What are capital gains?
The term capital gains refers to increases in the value of an investment. That includes securities like stocks but also things like real estate. So if you buy a stock for $50 and sell it for $80, that’s a $30 capital gain.
Thankfully, you pay tax only on realized capital gains. Gains are realized when you actually sell your investment for more than you paid for it. While you’re still holding on to your investments, any gains are unrealized and won’t incur extra taxes.
On the flip side, if your investment decreases in value from its original purchase price, it’s called a capital loss.
You don’t have to worry about other sources of investment income, like interest, dividends or rent from properties you own. Same goes for the sale of your home, as long as it’s been your principal residence every year you’ve owned it.
What is the capital gains tax?
Technically speaking, there’s no such thing as a "capital gains tax" in Canada. But you do pay income tax on capital gains.
Half the value of your capital gains is taxable, so you simply add 50% of your gains to your regular income. It’s your income as a whole that gets taxed every year.
So if you earn $50,000 from your job and made $10,000 from selling investments — very impressive — you would be taxed as if you made $55,000 that year.
Keep in mind, these are the rules for ordinary people. If you’re a full-time suit-and-tie big-city investor and most of your income is made up of capital gains, the Canada Revenue Agency (CRA) could decide to tax you the full rate.
How to calculate tax on capital gains
First, figure out the “adjusted cost base” — the original purchase price of the investment, plus any extra costs it took to acquire it, like brokerage fees. Then take the sale price and subtract any costs associated with selling the investment.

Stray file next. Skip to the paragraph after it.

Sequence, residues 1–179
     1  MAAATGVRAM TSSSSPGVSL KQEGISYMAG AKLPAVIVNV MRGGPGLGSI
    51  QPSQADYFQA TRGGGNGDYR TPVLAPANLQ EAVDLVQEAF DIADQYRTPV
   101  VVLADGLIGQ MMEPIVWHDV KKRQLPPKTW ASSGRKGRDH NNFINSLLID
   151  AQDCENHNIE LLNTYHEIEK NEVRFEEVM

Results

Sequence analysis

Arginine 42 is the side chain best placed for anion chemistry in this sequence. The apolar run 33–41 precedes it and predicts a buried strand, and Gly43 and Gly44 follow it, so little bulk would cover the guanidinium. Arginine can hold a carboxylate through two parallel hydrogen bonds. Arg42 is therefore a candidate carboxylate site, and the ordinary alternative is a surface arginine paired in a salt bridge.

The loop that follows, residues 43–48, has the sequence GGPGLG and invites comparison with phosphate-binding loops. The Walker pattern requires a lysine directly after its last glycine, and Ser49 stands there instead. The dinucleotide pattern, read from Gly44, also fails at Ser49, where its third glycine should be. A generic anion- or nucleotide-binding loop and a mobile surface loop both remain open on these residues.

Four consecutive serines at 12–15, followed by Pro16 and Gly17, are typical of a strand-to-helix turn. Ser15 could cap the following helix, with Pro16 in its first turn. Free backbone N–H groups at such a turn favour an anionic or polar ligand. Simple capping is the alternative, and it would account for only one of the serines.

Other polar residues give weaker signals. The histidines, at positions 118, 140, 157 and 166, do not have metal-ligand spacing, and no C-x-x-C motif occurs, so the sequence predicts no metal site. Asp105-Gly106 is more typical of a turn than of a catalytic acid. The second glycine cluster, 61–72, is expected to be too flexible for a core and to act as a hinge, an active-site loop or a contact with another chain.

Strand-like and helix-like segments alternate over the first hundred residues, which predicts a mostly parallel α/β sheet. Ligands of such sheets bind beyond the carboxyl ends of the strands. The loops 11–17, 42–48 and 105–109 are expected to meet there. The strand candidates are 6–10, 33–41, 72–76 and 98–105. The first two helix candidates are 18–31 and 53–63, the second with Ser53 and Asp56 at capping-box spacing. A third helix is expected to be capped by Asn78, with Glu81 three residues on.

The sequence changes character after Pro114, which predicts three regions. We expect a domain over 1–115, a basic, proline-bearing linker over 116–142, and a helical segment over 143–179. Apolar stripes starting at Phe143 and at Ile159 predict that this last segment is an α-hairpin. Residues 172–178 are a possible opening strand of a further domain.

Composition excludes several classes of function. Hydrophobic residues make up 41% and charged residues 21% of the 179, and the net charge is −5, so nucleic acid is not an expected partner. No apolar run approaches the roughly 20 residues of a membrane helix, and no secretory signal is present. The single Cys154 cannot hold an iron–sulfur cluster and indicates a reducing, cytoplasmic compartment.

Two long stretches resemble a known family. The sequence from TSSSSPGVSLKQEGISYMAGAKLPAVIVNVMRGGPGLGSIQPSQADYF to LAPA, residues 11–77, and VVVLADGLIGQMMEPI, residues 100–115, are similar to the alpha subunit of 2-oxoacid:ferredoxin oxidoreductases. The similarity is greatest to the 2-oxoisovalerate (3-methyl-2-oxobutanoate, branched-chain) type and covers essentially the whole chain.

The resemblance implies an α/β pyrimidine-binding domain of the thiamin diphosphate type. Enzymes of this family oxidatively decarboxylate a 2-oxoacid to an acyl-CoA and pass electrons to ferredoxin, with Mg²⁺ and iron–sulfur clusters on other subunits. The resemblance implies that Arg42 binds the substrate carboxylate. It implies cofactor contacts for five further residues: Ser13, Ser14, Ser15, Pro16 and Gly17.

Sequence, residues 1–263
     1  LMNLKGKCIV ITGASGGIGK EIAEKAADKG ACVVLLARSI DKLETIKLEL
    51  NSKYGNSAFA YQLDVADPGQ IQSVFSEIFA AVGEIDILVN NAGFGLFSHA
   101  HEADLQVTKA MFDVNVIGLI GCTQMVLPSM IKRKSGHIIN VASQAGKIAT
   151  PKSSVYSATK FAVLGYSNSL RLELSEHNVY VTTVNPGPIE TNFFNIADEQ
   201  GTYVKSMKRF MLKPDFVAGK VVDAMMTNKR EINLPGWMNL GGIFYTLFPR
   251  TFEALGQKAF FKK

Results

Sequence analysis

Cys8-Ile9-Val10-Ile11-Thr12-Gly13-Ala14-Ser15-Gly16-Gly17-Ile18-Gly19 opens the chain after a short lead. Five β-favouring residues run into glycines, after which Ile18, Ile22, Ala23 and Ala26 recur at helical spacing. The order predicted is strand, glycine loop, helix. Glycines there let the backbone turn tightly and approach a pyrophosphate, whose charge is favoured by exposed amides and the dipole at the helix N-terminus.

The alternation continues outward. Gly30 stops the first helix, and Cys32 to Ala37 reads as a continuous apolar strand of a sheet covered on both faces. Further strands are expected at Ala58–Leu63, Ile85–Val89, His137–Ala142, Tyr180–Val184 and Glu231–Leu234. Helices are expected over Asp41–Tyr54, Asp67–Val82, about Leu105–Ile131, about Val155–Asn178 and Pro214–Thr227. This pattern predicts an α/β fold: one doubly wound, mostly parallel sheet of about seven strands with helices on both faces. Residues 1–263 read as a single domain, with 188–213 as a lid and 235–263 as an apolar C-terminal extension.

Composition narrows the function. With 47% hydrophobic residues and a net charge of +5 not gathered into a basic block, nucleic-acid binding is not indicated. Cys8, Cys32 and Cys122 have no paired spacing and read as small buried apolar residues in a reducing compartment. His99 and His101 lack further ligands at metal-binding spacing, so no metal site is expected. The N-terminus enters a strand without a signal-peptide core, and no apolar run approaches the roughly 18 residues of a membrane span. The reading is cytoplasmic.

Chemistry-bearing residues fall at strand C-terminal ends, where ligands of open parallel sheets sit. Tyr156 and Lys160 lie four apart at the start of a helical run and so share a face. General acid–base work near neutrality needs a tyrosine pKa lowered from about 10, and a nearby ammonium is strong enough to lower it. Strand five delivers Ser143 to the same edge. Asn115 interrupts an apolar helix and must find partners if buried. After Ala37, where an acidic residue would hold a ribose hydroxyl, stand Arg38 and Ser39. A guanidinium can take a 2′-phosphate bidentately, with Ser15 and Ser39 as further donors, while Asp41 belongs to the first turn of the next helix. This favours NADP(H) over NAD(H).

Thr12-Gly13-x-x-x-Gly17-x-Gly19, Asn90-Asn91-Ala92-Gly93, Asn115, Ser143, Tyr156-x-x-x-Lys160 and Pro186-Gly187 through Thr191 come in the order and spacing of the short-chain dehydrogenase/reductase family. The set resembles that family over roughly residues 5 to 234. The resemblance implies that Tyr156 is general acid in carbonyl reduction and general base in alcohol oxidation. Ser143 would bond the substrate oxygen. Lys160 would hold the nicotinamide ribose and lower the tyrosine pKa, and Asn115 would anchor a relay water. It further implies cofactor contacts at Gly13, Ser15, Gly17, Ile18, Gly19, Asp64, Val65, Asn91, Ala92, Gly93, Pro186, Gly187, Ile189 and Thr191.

Find the difference between those two numbers, and there’s your profit — the capital gain that you’ll need to pay tax on. Remember, you only add half this value to your total income tax.
Pretty simple, but things can get confusing if you buy shares of a company at one price, then pick up more later at a different price. In that case, you need to calculate the average to find the adjusted cost base.
Let’s say you bought 10 shares of a company at $30 each, and you needed to pay $15 in fees. That would be $300 plus $15, or $315. Later, you bought 10 more shares of the same company at $50 each and paid another $15 in fees. That would be $500 plus $15, which equals $515. Add the two costs together ($315 plus $515 equals $830) and divide it by the total number of shares (20). You get $41.50 per share.
If you ended up selling, say, 15 of your shares at $70 each, you’d collect $1,050. If you had to pay another $15 fee to make the sale, you’d have $1,035 left over. So your final capital gain would be:
$1,035 - ($41.50 x 15) = $412.50.
How to avoid tax on capital gains
There are two main ways to hold on to more of your profits.
Not all investments work out. While it stinks to lose money, you can actually use those capital losses to offset the tax you pay on your capital gains.